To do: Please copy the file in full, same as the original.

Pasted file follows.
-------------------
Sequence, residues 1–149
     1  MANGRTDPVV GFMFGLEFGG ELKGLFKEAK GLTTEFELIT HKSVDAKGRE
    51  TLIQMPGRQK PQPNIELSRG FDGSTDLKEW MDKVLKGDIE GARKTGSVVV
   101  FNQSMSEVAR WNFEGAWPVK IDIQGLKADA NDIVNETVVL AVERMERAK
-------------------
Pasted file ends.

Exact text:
Sequence, residues 1–149
     1  MANGRTDPVV GFMFGLEFGG ELKGLFKEAK GLTTEFELIT HKSVDAKGRE
    51  TLIQMPGRQK PQPNIELSRG FDGSTDLKEW MDKVLKGDIE GARKTGSVVV
   101  FNQSMSEVAR WNFEGAWPVK IDIQGLKADA NDIVNETVVL AVERMERAK